Phil had risen while he spoke, as if the enthusiasm of his mood lifted him into the truer manhood he aspired to attain. Straight and strong he stood up in the moonlight, his voice deepened by unwonted energy, his eye clear and steadfast, his whole face ennobled by the regenerating power of this late loyalty to country, wife, and self, and bright against the dark blue of his jacket shone the pictured face, the only medal he was proud to wear.
Ah, brave, brief moment, cancelling years of wrong! Ah, fair and fatal decoration, serving as a mark for a hidden foe! The sharp crack of a rifle broke the stillness of the night, and with those hopeful words upon his lips, the young man sealed his purpose with his life.
THE KING OF CLUBS AND THE QUEEN OF HEARTS.
A story for young America.
FIVE and twenty ladies, all in a row, sat on one side of the hall, looking very much as if they felt like the little old woman who fell asleep on the king’s highway and awoke with abbreviated drapery, for they were all arrayed in gray tunics and Turkish continuations, profusely adorned with many-colored trimmings. Five and twenty gentleman, all in a row, sat on the opposite side of the hall, looking somewhat subdued, as men are apt to do when they fancy they are in danger of making fools of themselves. They, also, were en costume, for all the dark ones had grown piratical in red shirts, the light ones nautical in blue; and a few boldly appeared in white, making up in starch and studs what they lost in color, while all were more or less Byronic as to collar.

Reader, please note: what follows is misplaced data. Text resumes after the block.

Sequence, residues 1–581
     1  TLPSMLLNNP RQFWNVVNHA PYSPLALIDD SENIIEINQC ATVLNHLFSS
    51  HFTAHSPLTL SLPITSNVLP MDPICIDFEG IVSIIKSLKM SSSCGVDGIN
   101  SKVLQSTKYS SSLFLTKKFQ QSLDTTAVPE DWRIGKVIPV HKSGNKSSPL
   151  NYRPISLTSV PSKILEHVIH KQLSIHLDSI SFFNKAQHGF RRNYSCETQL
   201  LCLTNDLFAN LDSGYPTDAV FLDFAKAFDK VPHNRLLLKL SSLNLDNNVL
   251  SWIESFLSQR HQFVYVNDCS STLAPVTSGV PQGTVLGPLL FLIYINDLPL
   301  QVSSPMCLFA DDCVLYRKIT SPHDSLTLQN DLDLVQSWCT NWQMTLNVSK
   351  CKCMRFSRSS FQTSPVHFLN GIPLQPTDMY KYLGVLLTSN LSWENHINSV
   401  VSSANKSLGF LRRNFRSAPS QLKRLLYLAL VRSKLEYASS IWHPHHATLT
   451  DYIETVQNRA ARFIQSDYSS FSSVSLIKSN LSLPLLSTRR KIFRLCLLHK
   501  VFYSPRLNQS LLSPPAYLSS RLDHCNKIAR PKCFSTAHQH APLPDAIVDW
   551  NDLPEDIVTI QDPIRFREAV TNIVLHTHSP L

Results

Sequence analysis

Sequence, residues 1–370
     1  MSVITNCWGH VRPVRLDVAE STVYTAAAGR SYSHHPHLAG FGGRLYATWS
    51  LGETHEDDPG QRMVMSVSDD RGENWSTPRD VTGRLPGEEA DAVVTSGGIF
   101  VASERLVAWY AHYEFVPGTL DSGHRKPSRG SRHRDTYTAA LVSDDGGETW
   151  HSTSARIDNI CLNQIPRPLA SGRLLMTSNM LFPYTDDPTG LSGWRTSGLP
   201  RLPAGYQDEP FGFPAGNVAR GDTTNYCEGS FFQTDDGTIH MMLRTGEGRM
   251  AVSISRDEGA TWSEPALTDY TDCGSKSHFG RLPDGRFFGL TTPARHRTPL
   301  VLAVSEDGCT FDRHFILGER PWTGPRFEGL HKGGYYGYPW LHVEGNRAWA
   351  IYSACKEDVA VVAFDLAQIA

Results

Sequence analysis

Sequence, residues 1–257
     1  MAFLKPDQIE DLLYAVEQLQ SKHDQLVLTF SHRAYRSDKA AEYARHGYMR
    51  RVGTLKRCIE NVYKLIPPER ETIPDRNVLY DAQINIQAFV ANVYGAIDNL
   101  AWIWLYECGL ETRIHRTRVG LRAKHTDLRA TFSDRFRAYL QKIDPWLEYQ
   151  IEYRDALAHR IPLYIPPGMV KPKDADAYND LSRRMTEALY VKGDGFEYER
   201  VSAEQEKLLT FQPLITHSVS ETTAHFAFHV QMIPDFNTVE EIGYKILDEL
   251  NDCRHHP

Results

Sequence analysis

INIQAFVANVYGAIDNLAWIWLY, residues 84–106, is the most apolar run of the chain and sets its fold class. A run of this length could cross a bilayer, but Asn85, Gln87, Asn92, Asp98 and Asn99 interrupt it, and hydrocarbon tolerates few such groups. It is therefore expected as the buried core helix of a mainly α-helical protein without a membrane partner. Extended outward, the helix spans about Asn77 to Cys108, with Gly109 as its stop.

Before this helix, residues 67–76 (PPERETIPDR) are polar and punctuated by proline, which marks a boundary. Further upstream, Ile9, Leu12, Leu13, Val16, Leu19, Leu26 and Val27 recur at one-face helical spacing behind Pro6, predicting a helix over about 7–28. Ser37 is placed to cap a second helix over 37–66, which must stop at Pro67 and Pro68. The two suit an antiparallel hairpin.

On the platform appeared a pile of dumb-bells, a regiment of clubs, and a pyramid of bean-bags, and stirring nervously among them a foreign-looking gentleman, the new leader of a class lately formed by Dr. Thor Turner, whose mission it was to strengthen the world’s spine, and convert it to a belief in air and exercise, by setting it to balancing its poles and spinning merrily, while enjoying the “Sun-cure” on a large scale. His advent formed an epoch in the history of the town; for it was a quiet old village, guiltless of bustle, fashion, or parade, where each man stood for what he was; and, being a sagacious set, every one’s true value was pretty accurately known. It was a neighborly town, with gossip enough to stir the social atmosphere with small gusts of interest or wonder, yet do no harm. A sensible, free-and-easy town, for the wisest man in it wore the worst boots, and no one thought the less of his understanding; the belle of the village went shopping with a big sun-bonnet and tin pail, and no one found her beauty lessened; oddities of all sorts ambled peacefully about on their various hobbies, and no one suggested the expediency of a trip on the wooden horse upon which the chivalrous South is always eager to mount an irrepressible abolitionist. Restless people were soothed by the lullaby the river sang